Obviously, we have been working together for a while on their implementation. What can we say today? They are doing Direct Push and most of the Exchange 2003 SP2 policies (including remote wipe). They are doing email, calendar and contacts sync, and global address lists. While previously you could get you Exchange mail on an iPhone via IMAP, getting contacts and calendar required a tethered sync through iTunes. Doing it wirelessly will be much better (IMHO).

Particularly noteworthy, Apple will implement a couple key Exchange 2007 EAS features.

  1. Autodiscover - This means those of you running Exchange 2007 can now make it super easy for your users to configure their iPhones to sync with Exchange. Here's what you do as an admin. All the iPhone user does is enter his/her email address and password. Pretty cool.
  2. HTML Mail - See your mail in its full HTML glory. Obviously the iPhone shows mail in HTML format today, so it's safe to assume your Exchange mail will retain its HTML formatting on the iPhone as well.

I don't have a lot more to say about the iPhone. Perhaps after I'm worked with it a bit I'll share some more thoughts.

While we're here, let's note a couple updates from some other EAS licensees since our last post.

  • Nokia has revved their Mail for Exchange application and now supports it on most of the N and E Series smartphones. (I personally prefer the Nokie E61i as a workday phone, and the Nokia E90 when I travel for business.) Mail for Exchange can be downloaded here.
  • Sony Ericsson is shipping some cool phones with EAS support. Check out the W960i Walkman. And two that often get grabbed out of my hands are the Z750i featuring a "hidden" external display (mine is "Mysterious Purple") and the sleek K630 (mine is in "Chocolate").
  • Palm is shipping the Palm Centro with EAS support.
  • Remoba announced its EAS implementation, RemoSync, and expects to make it available soon.

Here's a list of publicly announced Exchange ActiveSync protocol licensees.

- Ed Hott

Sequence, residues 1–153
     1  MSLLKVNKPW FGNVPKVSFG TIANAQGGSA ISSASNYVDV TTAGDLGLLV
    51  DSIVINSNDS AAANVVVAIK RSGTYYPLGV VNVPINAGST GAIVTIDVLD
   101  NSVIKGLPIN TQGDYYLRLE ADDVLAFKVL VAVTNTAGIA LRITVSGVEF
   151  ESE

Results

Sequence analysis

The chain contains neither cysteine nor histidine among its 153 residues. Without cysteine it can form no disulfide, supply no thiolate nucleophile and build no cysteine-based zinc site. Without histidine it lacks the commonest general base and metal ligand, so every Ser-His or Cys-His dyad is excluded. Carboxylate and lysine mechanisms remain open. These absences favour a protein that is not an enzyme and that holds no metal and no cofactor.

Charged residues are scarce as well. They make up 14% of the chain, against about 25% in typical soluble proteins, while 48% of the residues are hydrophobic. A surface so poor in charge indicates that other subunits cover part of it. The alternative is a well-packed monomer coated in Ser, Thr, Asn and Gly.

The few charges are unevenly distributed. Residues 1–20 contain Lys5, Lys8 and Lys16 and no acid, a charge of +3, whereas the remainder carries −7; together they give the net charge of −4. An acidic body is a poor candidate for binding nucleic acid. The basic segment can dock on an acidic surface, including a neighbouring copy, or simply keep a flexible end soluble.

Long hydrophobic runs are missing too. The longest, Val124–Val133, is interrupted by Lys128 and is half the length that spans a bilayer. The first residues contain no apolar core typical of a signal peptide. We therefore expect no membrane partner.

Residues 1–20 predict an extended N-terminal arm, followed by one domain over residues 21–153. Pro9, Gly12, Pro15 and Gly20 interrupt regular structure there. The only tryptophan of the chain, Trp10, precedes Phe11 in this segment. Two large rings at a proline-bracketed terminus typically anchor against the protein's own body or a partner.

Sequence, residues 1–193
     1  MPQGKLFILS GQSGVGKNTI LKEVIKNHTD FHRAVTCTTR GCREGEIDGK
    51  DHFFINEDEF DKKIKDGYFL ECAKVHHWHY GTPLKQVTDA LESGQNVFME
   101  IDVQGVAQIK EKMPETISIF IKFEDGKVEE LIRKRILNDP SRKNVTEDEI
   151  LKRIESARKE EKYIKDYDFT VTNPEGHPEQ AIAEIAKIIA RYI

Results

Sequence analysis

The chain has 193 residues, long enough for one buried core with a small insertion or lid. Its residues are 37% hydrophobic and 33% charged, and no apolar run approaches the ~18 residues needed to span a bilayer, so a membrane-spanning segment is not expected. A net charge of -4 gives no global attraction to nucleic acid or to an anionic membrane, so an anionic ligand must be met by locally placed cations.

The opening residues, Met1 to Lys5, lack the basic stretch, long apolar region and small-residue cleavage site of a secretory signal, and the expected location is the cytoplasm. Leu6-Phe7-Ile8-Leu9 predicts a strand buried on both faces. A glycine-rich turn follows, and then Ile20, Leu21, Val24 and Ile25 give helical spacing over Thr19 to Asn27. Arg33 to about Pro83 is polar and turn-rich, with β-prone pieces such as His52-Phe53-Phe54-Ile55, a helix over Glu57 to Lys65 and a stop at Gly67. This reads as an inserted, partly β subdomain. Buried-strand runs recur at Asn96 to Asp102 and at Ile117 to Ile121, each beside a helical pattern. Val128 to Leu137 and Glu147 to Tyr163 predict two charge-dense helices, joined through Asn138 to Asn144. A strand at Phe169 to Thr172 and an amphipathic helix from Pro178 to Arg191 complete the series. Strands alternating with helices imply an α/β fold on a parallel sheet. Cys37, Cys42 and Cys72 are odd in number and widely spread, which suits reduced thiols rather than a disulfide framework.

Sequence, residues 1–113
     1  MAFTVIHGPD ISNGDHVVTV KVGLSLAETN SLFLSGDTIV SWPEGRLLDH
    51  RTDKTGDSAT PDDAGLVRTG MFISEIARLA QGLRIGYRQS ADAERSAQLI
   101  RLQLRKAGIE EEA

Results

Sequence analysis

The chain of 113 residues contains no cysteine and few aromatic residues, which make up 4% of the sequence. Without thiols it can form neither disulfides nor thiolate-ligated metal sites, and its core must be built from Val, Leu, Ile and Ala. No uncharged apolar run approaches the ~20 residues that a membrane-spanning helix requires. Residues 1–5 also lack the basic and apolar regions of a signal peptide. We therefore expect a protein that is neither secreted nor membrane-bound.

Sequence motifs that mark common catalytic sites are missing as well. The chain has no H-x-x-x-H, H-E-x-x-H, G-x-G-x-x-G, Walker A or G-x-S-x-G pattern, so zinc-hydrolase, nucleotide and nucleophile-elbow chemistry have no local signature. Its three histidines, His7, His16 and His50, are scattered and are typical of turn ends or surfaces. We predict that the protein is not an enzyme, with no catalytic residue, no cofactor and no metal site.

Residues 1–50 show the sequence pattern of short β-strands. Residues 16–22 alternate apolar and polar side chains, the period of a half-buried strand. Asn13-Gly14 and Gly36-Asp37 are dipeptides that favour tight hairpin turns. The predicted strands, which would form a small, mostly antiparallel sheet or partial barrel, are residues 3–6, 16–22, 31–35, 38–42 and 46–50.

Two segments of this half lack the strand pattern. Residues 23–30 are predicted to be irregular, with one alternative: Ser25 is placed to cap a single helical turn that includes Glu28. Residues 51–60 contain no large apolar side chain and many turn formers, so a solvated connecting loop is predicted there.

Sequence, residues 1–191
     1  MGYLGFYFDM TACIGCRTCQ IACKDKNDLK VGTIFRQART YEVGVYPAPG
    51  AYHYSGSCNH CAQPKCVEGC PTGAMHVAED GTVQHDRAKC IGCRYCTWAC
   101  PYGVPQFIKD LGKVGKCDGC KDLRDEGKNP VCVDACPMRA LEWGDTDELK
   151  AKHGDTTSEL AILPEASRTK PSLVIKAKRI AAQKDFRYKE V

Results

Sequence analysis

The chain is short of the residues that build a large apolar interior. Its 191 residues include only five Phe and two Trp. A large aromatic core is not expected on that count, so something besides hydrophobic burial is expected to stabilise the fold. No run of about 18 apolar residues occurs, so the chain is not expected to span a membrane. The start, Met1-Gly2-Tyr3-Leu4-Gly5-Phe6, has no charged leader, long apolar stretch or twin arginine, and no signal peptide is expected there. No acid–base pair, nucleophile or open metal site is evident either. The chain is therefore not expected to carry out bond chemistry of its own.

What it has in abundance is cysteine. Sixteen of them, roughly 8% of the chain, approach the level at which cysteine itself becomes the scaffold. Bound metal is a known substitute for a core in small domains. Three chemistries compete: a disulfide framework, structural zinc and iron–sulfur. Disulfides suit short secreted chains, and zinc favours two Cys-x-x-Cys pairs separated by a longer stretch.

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March 2008 Advance Notification

Hello, Bill here.<?xml:namespace prefix = o ns = "urn:schemas-microsoft-com:office:office" />

I wanted to let you know that we just posted our Advance Notification for next week’s bulletin release which will occur on Tuesday, March 11, 2008 around 10 a.m. Pacific Standard Time.

It is important to remember that while the information posted below is intended to help with your planning, because it is preliminary information, it is subject to change.

As part of our regularly scheduled bulletin release, we’re currently planning to release:


·        Four Microsoft Security Bulletins rated Critical. These updates may require a restart and will be detectable using the Microsoft Baseline Security Analyzer.


As we do each month, the Microsoft Windows Malicious Software Removal Tool will be updated.


Finally, we are planning to release three high-priority, non-security updates on Windows Update and Windows Server Update Services (WSUS) as well as two high-priority, non-security updates on Microsoft Update and Windows Server Update Services (WSUS).


As always, we’ll be holding the March edition of the monthly security bulletin webcast on Wednesday, March 12, 2008 at 11 a.m., Pacific Standard Time.  We will review this month’s release and take your questions live on-air with answers from our panel of experts. As a friendly reminder, if you can’t make the live webcast, you can listen to it on-demand as well.


You can register for the webcast here:



Bill Sisk

*This posting is provided "AS IS" with no warranties, and confers no rights.*